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Dolomite crystal architecture; genetic implications for the origin of the Tertiary dolostones of the Cayman Islands

Brian Jones
Dolomite crystal architecture; genetic implications for the origin of the Tertiary dolostones of the Cayman Islands
Journal of Sedimentary Research (March 2005) 75 (2): 177-189

Abstract

Dolostones in the Cayman Formation on Grand Cayman and Cayman Brac, which are the product of two and possibly three phases of dolomitization, are formed of very small (<100 mm) but architecturally complex dolomite crystals that are characterized by planar and non-planar boundaries, corrosional internal discontinuities, oscillatory low-Ca calcian dolomite (LCD) and high-Ca calcian dolomite (HCD) zoning, and syntaxial (?) overgrowths. The dolomite over-growths, which grew on earlier formed but corroded rhombs, increased crystal size and modified crystal shape and, hence, caused significant textural modifications. The size and shape of the overgrowths that developed preferentially on those crystal faces that formed the walls of micropores was controlled by the competition for growth space with neighboring crystals. Interpretation of this textural information suggests that the development of planar and non-planar dolomite boundaries crystals is probably related to critical supersaturation levels rather than critical roughening temperatures. The recognition that individual dolomite crystals, irrespective of their size, may be architecturally heterogeneous carries important implications for dolomite genesis. Many interpretations of finely crystal-line dolostones, for example, have tacitly assumed that they formed through one phase of dolomitization. In the Cayman Formation, however, dolomite crystals as small as 10 mm are characterized by internal heterogeneities that record their development through multiple, time-separated growth phases. Any model developed to explain dolomitization must take this into account. The interpretation of chemical data, for example, must consider the multiple-stage development of the dolostones that is evident from their internal zoning and discontinuities.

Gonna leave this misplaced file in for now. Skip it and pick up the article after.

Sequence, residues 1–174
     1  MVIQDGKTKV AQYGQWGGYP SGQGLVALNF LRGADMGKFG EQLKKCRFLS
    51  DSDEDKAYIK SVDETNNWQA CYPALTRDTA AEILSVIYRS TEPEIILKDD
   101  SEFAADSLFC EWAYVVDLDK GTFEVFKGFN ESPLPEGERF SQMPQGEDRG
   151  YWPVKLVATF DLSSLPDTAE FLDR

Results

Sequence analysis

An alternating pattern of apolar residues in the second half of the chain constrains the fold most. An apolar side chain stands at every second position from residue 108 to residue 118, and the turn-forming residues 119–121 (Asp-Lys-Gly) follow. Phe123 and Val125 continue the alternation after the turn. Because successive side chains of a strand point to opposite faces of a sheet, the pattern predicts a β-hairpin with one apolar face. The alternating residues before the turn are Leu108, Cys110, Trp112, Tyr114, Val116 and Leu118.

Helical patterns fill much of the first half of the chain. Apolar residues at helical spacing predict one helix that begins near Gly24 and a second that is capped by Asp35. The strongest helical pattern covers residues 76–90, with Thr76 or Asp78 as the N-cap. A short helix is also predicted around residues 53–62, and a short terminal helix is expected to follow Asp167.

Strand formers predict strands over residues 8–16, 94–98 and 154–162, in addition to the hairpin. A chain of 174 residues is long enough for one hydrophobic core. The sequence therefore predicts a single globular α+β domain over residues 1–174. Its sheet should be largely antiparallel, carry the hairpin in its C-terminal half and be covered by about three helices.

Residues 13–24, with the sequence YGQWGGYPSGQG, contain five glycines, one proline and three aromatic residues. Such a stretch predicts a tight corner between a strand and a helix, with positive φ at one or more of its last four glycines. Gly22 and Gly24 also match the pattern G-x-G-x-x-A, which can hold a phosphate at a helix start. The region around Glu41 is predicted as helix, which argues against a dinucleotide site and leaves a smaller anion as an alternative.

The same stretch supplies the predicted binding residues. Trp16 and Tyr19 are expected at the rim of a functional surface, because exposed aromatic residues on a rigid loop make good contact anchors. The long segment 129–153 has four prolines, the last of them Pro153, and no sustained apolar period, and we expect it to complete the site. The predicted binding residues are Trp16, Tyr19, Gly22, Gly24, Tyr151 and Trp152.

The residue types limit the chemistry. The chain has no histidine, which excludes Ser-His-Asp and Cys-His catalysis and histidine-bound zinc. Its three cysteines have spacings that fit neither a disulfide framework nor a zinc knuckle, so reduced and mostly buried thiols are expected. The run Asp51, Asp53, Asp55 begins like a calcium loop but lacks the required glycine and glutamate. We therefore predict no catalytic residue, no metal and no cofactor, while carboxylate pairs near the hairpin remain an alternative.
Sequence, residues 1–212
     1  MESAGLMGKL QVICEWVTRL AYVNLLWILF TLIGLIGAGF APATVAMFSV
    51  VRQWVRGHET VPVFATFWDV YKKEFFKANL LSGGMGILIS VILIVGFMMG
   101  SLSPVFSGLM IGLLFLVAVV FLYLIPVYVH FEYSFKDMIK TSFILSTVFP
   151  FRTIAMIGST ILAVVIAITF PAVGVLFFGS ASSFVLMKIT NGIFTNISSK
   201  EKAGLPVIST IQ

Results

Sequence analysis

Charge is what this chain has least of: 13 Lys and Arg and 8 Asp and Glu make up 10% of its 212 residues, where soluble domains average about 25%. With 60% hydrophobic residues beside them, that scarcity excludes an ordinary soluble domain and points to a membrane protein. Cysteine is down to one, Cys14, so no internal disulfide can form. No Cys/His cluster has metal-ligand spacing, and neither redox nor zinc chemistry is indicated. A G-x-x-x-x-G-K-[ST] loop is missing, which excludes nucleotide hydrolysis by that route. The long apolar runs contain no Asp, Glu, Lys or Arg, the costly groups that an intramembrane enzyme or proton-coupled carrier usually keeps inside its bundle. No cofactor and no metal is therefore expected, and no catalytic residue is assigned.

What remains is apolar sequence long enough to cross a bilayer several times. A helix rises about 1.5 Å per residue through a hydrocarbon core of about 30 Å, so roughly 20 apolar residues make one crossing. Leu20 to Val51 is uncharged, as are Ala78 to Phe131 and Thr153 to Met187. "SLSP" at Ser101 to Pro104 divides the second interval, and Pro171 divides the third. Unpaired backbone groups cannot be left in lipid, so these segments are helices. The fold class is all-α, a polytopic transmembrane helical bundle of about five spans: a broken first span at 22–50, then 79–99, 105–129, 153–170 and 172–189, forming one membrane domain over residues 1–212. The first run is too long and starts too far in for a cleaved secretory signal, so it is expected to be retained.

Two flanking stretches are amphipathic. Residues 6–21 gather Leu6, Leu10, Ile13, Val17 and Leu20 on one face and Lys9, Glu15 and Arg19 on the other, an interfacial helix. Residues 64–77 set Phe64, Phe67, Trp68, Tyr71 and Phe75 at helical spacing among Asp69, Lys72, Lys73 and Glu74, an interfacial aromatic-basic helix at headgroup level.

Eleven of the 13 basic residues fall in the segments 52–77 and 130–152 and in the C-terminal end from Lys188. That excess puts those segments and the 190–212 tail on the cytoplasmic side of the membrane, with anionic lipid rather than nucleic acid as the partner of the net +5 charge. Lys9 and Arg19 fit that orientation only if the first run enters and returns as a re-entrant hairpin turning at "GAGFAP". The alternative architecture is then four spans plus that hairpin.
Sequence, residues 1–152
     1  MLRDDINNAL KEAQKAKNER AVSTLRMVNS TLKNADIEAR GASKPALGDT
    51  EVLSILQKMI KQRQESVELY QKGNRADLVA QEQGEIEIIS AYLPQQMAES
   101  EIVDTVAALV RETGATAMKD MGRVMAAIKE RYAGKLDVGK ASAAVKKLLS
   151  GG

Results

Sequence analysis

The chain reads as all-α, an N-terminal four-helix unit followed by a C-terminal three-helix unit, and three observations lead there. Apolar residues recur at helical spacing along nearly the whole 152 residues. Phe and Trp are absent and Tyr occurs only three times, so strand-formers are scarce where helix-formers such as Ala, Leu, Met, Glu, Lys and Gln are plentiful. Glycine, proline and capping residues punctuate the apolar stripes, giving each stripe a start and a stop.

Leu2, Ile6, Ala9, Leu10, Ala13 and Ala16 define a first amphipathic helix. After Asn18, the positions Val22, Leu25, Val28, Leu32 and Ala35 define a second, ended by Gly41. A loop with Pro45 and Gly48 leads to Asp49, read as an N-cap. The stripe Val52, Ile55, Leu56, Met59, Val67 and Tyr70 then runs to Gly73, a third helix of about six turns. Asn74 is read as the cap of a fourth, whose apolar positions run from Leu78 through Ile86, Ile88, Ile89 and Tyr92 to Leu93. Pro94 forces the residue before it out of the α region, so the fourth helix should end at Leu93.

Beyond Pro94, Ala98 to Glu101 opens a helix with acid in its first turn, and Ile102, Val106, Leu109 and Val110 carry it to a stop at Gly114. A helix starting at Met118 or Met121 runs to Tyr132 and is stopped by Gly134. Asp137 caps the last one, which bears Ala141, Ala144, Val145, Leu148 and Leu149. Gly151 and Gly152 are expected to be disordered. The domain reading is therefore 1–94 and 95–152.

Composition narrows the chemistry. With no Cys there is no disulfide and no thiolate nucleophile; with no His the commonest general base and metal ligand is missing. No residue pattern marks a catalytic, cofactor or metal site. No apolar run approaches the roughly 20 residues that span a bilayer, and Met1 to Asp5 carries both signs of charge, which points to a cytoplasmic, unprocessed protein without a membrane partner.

ISSN: 1527-1404
EISSN: 1938-3681
Serial Title: Journal of Sedimentary Research
Serial Volume: 75
Serial Issue: 2
Title: Dolomite crystal architecture; genetic implications for the origin of the Tertiary dolostones of the Cayman Islands
Author(s): Jones, Brian
Affiliation: University of Alberta, Department of Earth and Atmospheric Sciences, Edmonton, AB, Canada
Pages: 177-189
Published: 200503
Text Language: English
Publisher: Society of Economic Paleontologists and Mineralogists, Tulsa, OK, United States
References: 40
Accession Number: 2005-030977
Categories: Sedimentary petrology
Document Type: Serial
Bibliographic Level: Analytic
Illustration Description: illus. incl. strat. col., sketch map
N19°15'00" - N19°45'00", W81°30'00" - W79°45'00"
Country of Publication: United States
Secondary Affiliation: GeoRef, Copyright 2018, American Geosciences Institute. Reference includes data supplied by SEPM (Society for Sedimentary Geology), Tulsa, OK, United States
Update Code: 200511
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